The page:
By George Bamu on April 12, 2014
The recent Russian annexation of Crimea is a hot-button international issue that pits the West against Russia and has brought back memories of the Cold War. While this goes on, little attention has been paid to the position of many African nations on the issue.
Many of the countries which make up the African Union (AU) have been silent, and have said little publicly. As I have been scouring the internet, listening to radio and watching TV and searching for information on where the AU countries stand on the matter, I have found very little.
While the United Nations (UN) and its secretary General Ban Ki Moon, as well as the European Union (EU) have condemned the Russian actions, the AU position on the matter remains murky and confusing.…
By Guest Blogger on April 12, 2014
I came to the United States through the Teachers of Critical Languages Program (TCLP). TCLP is sponsored by the Bureau of Educational and Cultural Affairs (ECA) of the U.S Department of State and implemented by American Councils for International Education.
TCLP gives Egyptian and Chinese teachers the chance to have an authentic experience to come to the United States and teach Arabic or Mandarin. I teach Modern Standard Arabic and act as a cultural resource for the school and the community around Thornton and Denver.
From my perspective, it is a challenge to come from the other side of the world and work as a teacher in a school that has a different system from what I am used to, to learn to adapt to a new culture and then also to be able to manage classes of students with all different backgrounds.…
By George Bamu on March 30, 2014
Today I want to provide some up-to-date information–if you are not already aware–as it relates to trade and diplomacy between China, Japan and many countries in the African continent.
First is this story published by The Diplomat in January and picked up by the influential U.S. Council on Foreign Relations (CFR).
It is about the new tug of war between China and Japan, which has shifted territory into many African nations. While the two may be wrangling over territory in the China seas, both are said to be playing a trade game in Africa.
Recent trips by leaders of both Japan and China to African nations have ‘morphed into a sign of ‘competition’ over Africa, the CFR states.…
By A. Scott DuPree on March 20, 2014
Cultural Survival reports progress in its Ethiopian campaign. The US government agrees that no US funds can be used to support forced evictions in the 2014 Omnibus Appropriations Bill. See http://www.culturalsurvival.org/news/campaign-update-ethiopia-us-withdraws-funding-land-grabbing-ethiopia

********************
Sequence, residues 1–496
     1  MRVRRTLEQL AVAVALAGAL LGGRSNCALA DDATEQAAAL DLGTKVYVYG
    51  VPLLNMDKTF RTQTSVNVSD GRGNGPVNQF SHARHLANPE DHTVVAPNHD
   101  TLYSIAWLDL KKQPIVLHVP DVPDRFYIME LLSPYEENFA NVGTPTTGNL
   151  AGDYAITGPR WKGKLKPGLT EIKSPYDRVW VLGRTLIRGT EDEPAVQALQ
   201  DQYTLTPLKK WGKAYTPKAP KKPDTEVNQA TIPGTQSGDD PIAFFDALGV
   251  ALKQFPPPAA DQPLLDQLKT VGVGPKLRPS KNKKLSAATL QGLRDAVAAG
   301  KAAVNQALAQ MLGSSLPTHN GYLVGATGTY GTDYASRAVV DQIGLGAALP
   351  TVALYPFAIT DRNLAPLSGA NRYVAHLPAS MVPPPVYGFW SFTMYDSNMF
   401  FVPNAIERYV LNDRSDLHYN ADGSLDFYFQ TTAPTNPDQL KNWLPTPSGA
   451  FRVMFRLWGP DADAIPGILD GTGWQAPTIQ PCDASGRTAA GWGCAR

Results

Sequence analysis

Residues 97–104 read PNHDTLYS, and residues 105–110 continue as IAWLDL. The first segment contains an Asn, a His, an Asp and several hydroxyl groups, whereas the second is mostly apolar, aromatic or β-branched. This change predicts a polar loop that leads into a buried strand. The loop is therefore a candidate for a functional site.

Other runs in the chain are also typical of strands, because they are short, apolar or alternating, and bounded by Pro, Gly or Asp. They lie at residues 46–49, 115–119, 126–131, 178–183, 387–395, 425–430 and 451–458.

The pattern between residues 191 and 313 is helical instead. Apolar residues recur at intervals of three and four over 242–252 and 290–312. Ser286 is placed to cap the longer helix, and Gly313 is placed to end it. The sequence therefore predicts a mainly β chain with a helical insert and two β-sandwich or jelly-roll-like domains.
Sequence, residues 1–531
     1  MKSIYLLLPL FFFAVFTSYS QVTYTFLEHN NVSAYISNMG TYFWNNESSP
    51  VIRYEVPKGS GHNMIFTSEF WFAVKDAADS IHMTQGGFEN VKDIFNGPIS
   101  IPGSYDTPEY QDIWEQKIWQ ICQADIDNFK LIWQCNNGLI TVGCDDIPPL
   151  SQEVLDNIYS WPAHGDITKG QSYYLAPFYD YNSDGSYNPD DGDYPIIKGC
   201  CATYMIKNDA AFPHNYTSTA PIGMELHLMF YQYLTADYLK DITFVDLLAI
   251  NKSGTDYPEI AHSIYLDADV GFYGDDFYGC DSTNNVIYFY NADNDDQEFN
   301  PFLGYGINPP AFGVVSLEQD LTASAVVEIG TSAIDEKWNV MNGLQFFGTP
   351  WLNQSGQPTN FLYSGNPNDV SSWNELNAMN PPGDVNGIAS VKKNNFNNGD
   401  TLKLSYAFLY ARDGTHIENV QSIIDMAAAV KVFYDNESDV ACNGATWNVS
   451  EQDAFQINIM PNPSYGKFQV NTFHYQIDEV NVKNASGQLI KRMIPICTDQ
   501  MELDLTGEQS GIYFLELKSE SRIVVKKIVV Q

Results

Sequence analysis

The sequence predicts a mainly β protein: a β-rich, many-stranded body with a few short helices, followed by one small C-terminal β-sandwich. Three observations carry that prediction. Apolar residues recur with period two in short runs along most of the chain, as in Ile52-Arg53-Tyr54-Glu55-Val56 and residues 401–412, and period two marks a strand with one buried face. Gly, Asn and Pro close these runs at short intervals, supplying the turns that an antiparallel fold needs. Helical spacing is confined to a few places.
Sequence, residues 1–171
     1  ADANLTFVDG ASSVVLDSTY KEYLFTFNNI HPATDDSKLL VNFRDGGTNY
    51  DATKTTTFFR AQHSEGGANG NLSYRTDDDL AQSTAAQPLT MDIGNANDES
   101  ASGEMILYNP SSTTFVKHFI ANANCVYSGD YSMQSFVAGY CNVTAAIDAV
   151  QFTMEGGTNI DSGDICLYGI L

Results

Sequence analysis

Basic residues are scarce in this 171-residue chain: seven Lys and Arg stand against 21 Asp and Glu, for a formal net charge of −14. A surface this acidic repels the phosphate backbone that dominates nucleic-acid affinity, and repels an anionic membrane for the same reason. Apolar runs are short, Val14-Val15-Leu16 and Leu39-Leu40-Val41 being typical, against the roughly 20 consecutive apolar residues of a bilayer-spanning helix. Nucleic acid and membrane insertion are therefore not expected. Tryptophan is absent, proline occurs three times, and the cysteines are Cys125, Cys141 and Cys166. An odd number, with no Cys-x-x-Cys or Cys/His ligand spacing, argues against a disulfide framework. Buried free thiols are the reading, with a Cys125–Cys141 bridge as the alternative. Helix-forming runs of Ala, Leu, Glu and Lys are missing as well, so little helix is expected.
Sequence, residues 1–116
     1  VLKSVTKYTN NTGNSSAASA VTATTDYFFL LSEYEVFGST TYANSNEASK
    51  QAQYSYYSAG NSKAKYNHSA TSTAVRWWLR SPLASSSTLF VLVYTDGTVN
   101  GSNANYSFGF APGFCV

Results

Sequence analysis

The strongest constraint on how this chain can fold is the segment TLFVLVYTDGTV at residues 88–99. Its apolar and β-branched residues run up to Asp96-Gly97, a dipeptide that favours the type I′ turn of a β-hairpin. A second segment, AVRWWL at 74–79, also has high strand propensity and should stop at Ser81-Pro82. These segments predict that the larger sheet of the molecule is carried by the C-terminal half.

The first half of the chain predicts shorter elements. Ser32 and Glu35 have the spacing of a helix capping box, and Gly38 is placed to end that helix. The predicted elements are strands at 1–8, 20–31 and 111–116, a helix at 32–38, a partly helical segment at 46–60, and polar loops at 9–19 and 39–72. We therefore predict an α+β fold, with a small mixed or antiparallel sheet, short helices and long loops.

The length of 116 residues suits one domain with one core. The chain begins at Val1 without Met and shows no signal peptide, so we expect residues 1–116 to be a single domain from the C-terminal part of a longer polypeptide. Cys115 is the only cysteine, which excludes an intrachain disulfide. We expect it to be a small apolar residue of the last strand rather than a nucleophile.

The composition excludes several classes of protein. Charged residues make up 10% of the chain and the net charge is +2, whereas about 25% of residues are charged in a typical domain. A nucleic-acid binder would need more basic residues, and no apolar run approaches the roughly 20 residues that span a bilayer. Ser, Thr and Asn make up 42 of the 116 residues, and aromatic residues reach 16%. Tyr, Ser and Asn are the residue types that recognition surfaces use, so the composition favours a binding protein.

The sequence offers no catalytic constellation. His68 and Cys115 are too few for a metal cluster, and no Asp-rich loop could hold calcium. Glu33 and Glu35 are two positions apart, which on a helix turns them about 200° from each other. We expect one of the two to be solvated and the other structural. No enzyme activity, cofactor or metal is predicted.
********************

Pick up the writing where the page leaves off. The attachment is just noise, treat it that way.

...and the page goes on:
By Muthi Nhlema on March 8, 2014
Recent news of Uganda’s bold and controversial move to sign into law various new anti-gay legislations, which will make life even harder for homosexuals living in that country, has been welcomed with open arms across Africa, including my own country, Malawi. That was expected. But this is not ‘good news’ at all. Instead, it is really bad news.
As this intriguing drama is quickly taking shape under the watchful eyes of a spellbound global community, the next episode in this tragicomedy of sorts has to be the recent publishing of Uganda’s Top 200 Homosexuals in the Red Pepper tabloid newspaper.…
By George Bamu on March 1, 2014
It is becoming apparent that Nigerian writer Chimamanda Ngozie Adichie is a hero, if not a literary star, among today’s generation of young Africans. Adichie’s “The danger of a Single Story,” a Ted Talk she gave in 2009 about the single African narrative portrayed by the media that focuses solely on poverty, destitution and hopelessness, has received more than 6 million views on the TedEx website. Another version on YouTube has received over 1 million views.
Adichie, 36, rocketed to top of the world literary charts after the debut of the fictional novel “Purple Hibiscus” in 2003. Then she released “Half of a Yellow Sun” in 2006, “The Thing Around Your Neck” in 2009 and “Americanah” in 2013.…
By Ali Pechu on February 2, 2014
The three northern regions of Cameroon, a country in sub-Saharan Africa, are characterized by savannah vegetation and landscape. These unique geographical features greatly favor the rearing of cattle and horses, which is the focus of the minority Mbororo community of the North-west region and the Fulanis of the Northern regions.
These communities are also sparingly dispersed in other parts of the country.
While many people tend to focus on the importance of cattle for their survival, many have paid little attention to horses. Which brings me to the lucrative business of gambling in horse racing in Cameroon.
From the early times, horses were used for riding, the hauling of loads, and much more.…